1998 2/3 oz Silver Tiger Flower/Scallop Proof Coin

Available on backorder



Shown is a 2/3 ounce, 99.9% pure, silver tiger coin, minted in 1998. It measures 36 millimeters in diameter at the widest part of the coin. It is one of the series of lunar coins produced between 1993 and 2004. This series is struck of pure silver and created in the shape of a flower, or scallop. Literally, the Chinese translation is “plum blossom shape.” This coin bears the denomination of 10 yuan and is of proof quality. It bears the tiger on the reverse of the coin, the animal of the Zodiac that corresponds to the year of issue, 1998. In all, 6800 of these silver tiger coins were released in 1998.

Zhang Shanzi’s painting, “Picture of a Roaring Tiger,” is shown on the reverse face of the coin. Zhang, who lived and worked in China fro 1882 to 1940, was well known for his portraits of tigers. The tiger stands on a boulder and roars, or chuffs, with its mouth open in a sneer. Zhang’s painting appropriately demonstrates the personality and symbolism associated with the tiger of the Chinese myth and legend. Beside the tiger on the left is the face value, 10 yuan.

The tiger is considered to be the king of beasts in Chinese culture. It is one of the Four Guardians of Heaven, along with the dragon, tortoise and phoenix. This is considered a powerful and brutal sign in the Chinese Zodiac. Those born in this year are thought to be natural leaders who are skilled at inspiring and influencing others to follow them. They also may be competitive and fierce in their business dealings and personal interactions. Underneath their harsh exteriors, they may be very kind and possess an unlikely tender heart.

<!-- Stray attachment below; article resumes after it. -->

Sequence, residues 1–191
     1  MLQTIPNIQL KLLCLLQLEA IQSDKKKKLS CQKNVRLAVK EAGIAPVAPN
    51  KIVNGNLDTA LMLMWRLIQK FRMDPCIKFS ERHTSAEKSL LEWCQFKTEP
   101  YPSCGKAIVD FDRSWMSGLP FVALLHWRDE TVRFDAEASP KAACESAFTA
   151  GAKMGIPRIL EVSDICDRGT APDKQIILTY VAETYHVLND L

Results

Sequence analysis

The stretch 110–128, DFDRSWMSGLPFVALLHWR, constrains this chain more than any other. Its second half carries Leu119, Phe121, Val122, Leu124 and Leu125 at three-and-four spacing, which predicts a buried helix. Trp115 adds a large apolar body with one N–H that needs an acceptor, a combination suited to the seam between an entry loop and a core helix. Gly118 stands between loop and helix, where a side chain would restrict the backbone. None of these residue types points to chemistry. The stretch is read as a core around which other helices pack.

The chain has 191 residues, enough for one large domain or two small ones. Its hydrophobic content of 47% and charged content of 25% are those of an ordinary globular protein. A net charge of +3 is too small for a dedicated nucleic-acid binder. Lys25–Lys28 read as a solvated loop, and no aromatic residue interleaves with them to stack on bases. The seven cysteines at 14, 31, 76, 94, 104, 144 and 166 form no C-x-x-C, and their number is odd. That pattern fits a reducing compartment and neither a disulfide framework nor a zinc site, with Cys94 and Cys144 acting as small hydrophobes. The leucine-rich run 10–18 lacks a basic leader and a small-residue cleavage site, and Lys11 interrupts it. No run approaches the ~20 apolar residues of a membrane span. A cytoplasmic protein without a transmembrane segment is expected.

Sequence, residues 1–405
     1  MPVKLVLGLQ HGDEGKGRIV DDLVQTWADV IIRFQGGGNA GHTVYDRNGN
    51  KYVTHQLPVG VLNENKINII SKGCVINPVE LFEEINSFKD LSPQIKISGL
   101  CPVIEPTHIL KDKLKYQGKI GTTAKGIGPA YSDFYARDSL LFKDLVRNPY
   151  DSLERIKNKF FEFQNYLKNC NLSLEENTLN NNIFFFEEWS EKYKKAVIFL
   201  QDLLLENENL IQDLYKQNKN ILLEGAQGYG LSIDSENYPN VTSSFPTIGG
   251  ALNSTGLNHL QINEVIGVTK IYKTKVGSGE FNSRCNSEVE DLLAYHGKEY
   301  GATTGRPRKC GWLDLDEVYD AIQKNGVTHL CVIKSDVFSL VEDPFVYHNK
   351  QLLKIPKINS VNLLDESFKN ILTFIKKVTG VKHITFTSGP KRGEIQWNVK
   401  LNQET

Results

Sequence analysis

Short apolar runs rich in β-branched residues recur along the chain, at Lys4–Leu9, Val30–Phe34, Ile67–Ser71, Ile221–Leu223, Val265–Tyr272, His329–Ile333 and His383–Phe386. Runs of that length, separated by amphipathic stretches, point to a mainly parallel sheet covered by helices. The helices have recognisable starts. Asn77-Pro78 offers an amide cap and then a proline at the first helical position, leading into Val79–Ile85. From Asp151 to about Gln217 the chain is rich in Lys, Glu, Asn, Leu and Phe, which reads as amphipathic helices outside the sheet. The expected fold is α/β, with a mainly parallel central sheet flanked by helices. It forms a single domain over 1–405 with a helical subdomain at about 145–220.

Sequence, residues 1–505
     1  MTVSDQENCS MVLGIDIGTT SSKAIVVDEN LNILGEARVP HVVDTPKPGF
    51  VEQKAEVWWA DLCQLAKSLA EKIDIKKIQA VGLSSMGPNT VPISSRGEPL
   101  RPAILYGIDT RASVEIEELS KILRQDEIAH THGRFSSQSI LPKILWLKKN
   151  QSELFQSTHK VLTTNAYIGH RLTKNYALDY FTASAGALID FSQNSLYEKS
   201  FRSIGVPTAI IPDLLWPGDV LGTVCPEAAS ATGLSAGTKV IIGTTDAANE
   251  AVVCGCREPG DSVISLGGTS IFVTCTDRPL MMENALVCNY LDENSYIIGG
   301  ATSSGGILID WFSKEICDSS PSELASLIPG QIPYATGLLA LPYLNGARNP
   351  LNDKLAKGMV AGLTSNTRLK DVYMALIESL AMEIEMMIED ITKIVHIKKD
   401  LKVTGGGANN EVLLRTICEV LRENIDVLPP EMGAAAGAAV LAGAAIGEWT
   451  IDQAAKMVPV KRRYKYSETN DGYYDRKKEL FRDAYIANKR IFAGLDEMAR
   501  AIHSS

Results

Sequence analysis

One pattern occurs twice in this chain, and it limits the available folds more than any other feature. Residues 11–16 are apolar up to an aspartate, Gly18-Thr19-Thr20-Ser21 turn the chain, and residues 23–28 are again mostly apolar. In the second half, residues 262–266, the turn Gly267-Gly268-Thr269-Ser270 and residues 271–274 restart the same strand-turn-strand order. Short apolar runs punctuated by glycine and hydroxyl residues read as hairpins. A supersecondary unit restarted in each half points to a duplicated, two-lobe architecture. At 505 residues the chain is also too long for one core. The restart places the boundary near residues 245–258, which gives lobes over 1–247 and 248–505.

On the top edge of the obverse face, one can read in Chinese lettering, “The People’s Republic of China.” At the very bottom edge of the obverse, one can read the year of release, 1998. In the center is a rendering of the Badaling portion of the Great Wall of China. The Great Wall was first constructed, in part, during the Qin Dynasty (221-207 BC). The idea was readopted in the Ming Dynasty. Most of the wall that one can see today was built during this later period. The wall, in its various forms, defended China from Mongolian and other northern tribes.

Additional information


NGC PF68 UC, NGC PF69 UC, Proof